TASHKENT — Uzbek President Shavkat Mirziyoyev seems to fully acknowledge the danger that Putin’s Russia poses for Uzbekistan and is determined both to mobilize the country’s own resources and to link arms with his Central Asian neighbors to this end. We are republishing the following article on the issue, written by S. Frederick Starr*:
Speaking on Uzbekistan’s independence day, President Shavkat Mirziyoyev addressed a somber memorial ceremony dedicated to the “victims of political repression” during the Soviet era. He focused on the Uzbek reformers known as Jadids that were killed or suppressed in the early Soviet period. He also addressed at length Moscow’s singling out of Uzbekistan during the “cotton crisis” of the 1980s. This speech was remarkable because it effectively shifted the blame for Uzbekistan’s historical woes from Stalin or Communism to Russian imperialism. The same day, Mirziyoyev pledged to expand the power of the country’s armed forces, indicating the seriousness with which Uzbekistan’s leaders view developments in recent months, chief among them Russia’s invasion of Ukraine.
BACKGROUND: Since his election as president of Uzbekistan in 2016, Shavkat Mirziyoyev has focused most of his attention on domestic reform. After two rounds of extensive constitutional and operational changes he has placed Uzbekistan on a new course, as is evident in areas as diverse as citizens’ rights, commerce, finance, law, and local government. Few, if any, would doubt the truth of his claim that “Today’s Uzbekistan is not the Uzbekistan of Yesterday.”
The pace of change in Uzbekistan’s foreign policy has also been dramatic, beginning with Mirziyoyev’s resolve to resolve all territorial disputes with neighboring countries and to lift most transport and trade restrictions affecting other Central Asian countries. Closely related to these steps, President Mirizioyev has played an active role with other Central Asian presidents in moving towards a formal structure of regional cooperation.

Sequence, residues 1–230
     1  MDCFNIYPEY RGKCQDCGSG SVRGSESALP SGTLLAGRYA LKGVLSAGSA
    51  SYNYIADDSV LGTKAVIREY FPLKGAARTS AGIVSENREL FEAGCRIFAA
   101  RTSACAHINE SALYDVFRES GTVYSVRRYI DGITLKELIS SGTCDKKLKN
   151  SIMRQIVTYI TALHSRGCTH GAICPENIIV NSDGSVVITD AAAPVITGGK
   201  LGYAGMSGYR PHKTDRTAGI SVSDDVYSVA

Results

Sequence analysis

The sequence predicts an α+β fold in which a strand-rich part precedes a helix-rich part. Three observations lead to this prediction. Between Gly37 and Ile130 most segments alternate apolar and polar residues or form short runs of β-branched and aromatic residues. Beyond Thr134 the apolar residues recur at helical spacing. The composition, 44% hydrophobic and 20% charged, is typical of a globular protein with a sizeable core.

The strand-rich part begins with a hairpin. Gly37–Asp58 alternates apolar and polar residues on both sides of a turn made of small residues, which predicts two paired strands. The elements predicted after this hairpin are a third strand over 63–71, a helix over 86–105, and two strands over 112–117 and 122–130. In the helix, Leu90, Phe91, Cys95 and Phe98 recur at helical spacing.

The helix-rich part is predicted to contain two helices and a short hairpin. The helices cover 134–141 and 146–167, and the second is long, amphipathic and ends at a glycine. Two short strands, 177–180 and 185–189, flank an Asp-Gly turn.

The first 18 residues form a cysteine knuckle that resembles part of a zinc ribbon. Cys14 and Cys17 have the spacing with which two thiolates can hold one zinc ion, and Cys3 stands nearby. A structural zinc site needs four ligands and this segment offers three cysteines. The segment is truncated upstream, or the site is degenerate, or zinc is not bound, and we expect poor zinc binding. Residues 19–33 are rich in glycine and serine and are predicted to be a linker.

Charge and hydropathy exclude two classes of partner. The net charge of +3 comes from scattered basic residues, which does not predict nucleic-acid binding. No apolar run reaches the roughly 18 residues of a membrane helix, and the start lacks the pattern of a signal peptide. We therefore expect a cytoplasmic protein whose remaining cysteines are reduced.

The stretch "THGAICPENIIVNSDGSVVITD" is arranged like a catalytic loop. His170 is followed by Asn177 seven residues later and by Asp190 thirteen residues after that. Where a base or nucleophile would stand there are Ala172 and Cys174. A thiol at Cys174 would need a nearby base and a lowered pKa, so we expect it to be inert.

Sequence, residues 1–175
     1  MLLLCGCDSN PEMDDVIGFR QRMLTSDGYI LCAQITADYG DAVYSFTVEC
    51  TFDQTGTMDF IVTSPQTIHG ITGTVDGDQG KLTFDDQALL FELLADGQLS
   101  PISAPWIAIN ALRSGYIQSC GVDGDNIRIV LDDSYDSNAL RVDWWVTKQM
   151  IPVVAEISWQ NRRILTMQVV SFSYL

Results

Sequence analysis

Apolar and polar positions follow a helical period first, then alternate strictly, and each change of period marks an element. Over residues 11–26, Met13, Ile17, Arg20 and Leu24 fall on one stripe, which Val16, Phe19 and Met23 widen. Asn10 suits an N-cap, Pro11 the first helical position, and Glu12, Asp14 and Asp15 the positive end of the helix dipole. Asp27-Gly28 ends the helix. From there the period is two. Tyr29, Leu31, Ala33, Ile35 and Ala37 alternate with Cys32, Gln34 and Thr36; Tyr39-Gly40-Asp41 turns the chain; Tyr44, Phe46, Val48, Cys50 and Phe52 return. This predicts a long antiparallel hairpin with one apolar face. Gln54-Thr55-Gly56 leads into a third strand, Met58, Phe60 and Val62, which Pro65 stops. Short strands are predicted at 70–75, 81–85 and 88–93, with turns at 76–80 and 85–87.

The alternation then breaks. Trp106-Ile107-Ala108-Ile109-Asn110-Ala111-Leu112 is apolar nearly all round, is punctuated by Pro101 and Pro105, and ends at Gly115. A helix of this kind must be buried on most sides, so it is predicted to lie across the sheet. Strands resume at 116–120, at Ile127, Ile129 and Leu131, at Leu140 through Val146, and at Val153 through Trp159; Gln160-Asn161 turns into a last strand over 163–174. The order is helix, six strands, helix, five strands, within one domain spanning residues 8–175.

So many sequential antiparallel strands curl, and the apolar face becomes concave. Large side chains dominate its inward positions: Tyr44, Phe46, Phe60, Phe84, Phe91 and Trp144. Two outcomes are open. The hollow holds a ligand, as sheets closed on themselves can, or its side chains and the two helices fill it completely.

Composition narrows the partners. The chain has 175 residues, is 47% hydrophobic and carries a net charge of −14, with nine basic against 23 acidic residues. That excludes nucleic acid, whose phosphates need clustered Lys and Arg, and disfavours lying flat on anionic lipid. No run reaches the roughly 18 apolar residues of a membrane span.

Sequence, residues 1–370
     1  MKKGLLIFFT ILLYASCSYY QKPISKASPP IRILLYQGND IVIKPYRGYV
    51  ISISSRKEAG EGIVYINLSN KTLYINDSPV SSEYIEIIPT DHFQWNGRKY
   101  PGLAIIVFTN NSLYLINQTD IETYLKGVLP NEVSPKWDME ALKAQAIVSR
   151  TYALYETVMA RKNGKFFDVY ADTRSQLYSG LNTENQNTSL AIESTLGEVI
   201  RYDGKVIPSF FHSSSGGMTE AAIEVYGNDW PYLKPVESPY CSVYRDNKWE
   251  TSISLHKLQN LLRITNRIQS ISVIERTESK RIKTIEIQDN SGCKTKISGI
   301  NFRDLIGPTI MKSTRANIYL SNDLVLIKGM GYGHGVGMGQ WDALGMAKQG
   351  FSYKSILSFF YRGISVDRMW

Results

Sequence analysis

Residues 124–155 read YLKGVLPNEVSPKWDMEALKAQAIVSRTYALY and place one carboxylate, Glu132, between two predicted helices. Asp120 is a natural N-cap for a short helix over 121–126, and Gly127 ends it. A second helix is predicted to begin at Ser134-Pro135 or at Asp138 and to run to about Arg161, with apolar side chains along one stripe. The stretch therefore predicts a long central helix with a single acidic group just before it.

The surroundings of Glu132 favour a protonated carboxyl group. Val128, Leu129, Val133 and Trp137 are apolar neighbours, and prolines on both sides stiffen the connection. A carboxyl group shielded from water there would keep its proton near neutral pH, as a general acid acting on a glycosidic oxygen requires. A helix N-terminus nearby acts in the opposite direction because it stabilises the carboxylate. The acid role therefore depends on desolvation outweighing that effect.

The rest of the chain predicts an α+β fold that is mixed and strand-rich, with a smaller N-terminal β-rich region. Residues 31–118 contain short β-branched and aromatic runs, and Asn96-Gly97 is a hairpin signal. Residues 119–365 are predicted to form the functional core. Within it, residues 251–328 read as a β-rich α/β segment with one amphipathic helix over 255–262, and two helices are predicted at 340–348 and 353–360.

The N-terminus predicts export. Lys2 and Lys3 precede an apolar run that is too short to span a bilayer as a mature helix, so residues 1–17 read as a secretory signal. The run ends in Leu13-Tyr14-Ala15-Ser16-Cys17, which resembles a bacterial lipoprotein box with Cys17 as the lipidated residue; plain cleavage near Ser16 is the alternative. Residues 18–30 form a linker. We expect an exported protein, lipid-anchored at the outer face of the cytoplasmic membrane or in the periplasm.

On the international front, Tashkent faces challenges not just with respect to its immediate neighbor, Afghanistan, but also to its former colonial overlord to the north, Russia, and its full-blown war against Ukraine. With respect to Afghanistan, President Mirziyoyev and his foreign policy team have led regional efforts to establish functional relations with neighboring the Taliban government in Kabul. And with respect to Russia, the government in Tashkent has made clear that Uzbekistan opposes both the Ukraine war and Putin’s geopolitical concept that underlies it. However, to shield the process of domestic reforms, President Mirziyoyev has shied away from most of the international issues that dominate the international press, and when he has engaged with them he has done so discretely, almost sotto voce. This is now changing and, with respect to Russia, in a dramatic manner.
IMPLICATIONS: On August 31, Tashkent marked Uzbekistan’s thirty-first Independence Day with two important events: a somber memorial ceremony dedicated to the “victims of political repression” and a more festive celebration of Uzbekistan’s thirty-one years as a sovereign state. Mirziyoyev spoke at both.
Beginning in 2001 Uzbekistan has dedicated a national holiday to the memory of victims of repression and in 2021 Mirziyoyev opened a museum dedicated to the subject. For the most part, Uzbeks followed the politically correct line that the main cause of their fellow countrymen’s deaths was Stalin. But now Mirziyoyev noted that 2022 marks a century since the departure to Germany of a large group of Uzbek reformers – called Jadids – who went there to study the modern West. The President noted that they all spoke two or three languages and carried with them the nation’s hopes. But when they returned to their Communist homeland, they all perished. According to Mirziyoyev, 10,000 of them were shot and 100,000 other suppressed, along with thousands of other reform-minded Uzbeks.
Mirziyoyev cited the Jadids to underscore the point that Uzbekistan’s independence movement began not with the collapse of the USSR but during the era when the country was under the yoke of tsarist and imperial Russia. The problem, in other words, was not Communism but Russian imperialism.